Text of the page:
While the conference’s objective is to facilitate engagement with issues arising from these and related areas of legal scholarship, submissions from graduate students in other disciplines of law or disciplines other than law are very much encouraged.

Submission Procedure:

We invite proposals for presentations, panels and other interventions. Please submit an abstract of no more than 300 words by Friday, 28 October 2010. You may specify that your submission relates to one or more of the streams below, or add a short paragraph explaining how it relates to the general conference themes. Please include all relevant contact information and indicate current title(s) and academic affiliation(s). Authors of all submissions will be notified by Friday, 18 November 2011. Submissions and general inquiries should be addressed to torontog2012@gmail.com. This year, presenters can submit their completed papers to the Comparative Research in Law and Political Economy Working Paper Series as part of a special event Publication. Additional information will be made available closer to the conference date.

Check: http://www.torontogroup.wordpress.com regularly for updates.

Presentation Format:

This year the Toronto Group Conference will be inviting participants to present in ‘Workshops’ or ‘Panels.’Applicants are requested to indicate a preference when submitting their abstracts. Those who are invited to do a workshop will be required to submit a draft of their paper three weeks before the conference. This will be taken into consideration by the Committee during the selection process.

The idea behind this conference is to provide an opportunity for graduate students and new faculty members to do more than simply present their work; it is an opportunity to engage openly with a sympathetic and engaged peer group in the dialogue of ideas.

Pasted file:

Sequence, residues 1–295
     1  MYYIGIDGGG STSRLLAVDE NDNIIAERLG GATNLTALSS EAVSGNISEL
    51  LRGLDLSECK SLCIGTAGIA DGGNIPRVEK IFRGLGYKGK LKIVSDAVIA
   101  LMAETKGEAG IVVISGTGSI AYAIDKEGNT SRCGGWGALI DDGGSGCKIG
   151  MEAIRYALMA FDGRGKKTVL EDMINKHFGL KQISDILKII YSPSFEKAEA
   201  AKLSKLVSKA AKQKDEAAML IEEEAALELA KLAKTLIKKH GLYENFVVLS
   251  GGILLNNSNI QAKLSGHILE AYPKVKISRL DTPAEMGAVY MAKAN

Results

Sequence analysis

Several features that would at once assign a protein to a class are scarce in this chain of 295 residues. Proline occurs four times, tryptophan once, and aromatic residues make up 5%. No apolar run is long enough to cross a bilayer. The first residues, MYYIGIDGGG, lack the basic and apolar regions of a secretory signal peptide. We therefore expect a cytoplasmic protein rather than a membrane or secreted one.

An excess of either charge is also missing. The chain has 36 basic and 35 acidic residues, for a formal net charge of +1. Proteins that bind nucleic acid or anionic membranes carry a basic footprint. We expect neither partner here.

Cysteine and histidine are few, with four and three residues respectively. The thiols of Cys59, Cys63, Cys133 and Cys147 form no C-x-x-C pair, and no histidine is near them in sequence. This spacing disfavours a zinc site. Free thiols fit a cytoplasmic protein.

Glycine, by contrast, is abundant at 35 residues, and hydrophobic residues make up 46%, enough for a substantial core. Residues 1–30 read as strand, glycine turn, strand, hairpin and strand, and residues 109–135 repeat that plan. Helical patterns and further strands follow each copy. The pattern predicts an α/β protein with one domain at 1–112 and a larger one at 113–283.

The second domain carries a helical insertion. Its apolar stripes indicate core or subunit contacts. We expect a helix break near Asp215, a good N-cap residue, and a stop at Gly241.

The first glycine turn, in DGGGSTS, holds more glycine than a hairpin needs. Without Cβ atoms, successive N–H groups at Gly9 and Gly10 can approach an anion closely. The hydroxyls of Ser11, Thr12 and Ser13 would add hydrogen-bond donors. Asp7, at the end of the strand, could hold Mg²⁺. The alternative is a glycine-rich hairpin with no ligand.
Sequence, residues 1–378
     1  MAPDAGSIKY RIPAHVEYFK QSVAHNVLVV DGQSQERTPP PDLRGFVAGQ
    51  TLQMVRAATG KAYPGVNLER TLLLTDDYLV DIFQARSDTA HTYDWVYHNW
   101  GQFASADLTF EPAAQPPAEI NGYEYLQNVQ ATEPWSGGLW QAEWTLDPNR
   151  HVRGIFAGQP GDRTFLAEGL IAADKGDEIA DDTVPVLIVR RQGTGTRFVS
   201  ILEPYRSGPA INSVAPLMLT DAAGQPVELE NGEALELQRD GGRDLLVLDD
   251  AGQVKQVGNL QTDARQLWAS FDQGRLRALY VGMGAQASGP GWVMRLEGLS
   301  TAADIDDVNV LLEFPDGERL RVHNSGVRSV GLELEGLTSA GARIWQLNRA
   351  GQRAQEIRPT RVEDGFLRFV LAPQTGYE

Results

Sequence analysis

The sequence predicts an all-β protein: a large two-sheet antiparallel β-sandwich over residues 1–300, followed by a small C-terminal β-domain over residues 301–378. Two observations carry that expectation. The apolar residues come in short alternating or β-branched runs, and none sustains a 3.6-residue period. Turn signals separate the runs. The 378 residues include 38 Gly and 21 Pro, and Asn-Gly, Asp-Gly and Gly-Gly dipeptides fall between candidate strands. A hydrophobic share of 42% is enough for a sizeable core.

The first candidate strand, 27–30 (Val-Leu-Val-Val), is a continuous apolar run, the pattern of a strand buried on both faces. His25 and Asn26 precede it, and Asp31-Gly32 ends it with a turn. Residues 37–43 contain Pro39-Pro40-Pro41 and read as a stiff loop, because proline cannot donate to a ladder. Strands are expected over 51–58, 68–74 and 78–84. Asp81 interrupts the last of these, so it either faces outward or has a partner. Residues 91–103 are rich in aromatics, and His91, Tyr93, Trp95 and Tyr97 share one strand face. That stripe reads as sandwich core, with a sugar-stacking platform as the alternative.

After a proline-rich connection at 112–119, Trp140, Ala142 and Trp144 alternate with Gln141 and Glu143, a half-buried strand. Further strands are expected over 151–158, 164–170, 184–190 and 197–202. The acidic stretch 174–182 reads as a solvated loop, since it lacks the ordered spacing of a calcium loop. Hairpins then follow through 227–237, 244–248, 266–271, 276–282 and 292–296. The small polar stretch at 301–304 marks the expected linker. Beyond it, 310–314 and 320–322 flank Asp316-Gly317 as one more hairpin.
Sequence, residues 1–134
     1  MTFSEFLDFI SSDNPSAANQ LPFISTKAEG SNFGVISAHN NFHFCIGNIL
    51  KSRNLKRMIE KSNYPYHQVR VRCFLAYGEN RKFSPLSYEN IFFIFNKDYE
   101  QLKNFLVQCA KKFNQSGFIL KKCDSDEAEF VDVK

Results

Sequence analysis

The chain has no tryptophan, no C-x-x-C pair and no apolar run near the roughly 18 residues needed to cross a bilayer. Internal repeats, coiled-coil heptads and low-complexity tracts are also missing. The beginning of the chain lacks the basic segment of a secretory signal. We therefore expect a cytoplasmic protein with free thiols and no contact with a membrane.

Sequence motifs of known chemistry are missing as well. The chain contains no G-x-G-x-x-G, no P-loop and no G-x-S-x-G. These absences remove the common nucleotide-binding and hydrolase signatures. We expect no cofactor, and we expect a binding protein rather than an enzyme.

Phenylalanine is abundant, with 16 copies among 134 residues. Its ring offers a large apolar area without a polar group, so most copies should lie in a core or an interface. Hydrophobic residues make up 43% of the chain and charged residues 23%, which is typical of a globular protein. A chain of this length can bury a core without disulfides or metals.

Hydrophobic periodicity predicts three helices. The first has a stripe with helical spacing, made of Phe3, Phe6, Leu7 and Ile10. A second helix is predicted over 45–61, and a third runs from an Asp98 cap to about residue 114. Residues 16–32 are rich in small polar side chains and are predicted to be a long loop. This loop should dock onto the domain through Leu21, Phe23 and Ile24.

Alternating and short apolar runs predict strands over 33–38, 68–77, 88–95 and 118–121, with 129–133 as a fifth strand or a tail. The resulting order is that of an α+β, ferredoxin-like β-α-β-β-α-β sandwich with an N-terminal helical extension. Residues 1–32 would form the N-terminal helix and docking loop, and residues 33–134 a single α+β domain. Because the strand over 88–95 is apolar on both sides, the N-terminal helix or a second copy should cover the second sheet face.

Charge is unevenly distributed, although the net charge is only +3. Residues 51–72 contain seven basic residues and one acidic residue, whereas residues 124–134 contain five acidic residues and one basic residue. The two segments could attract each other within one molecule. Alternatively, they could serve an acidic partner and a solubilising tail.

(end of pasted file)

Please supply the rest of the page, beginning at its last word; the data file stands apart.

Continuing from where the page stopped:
Panel Presentations:

Presenters invited to panels will be strictly limited to 15 minutes to introduce their projects, arguments, or any theoretical or practical problems with which they may wish to engage the audience. Rather than expecting to provide an overview of your whole paper, panel participants should stick to a brief overview of the topic and focus primarily on problem areas or areas of particular concern to your argument or ongoing work. Panels are organized according to a common theme and usually include 3-4 presentations. An invited panelist expert/professor is given time to comment on the presentations.

Workshops:

Presenters for Workshops shall be required to submit a draft in progress in advance, which shall be circulated to a team of peer commentators. The workshop hopes to focus on dialogue, peer interaction, immanent critique, and include engagement with peers, rather than merely the presentation of ideas. We hope that this might then provide a constructive forum to discuss and improve your ideas as you explore your paper. Workshops are meant for participants who have a relatively polished draft-in-progress that can benefit from an interactive and in-depth discussion in preparation for submission and/or publication.

TG 2012 Organizing Committee

Carolina S. Ruiz Austria, SJD Candidate, University of Toronto

Tracey Dowdeswell, SJD Candidate, Osgoode Law School, York University

Hélène Mayrand, SJD Candidate, University of Toronto

Timothy Petrou, J.D., LLM, Osgoode Law School, York University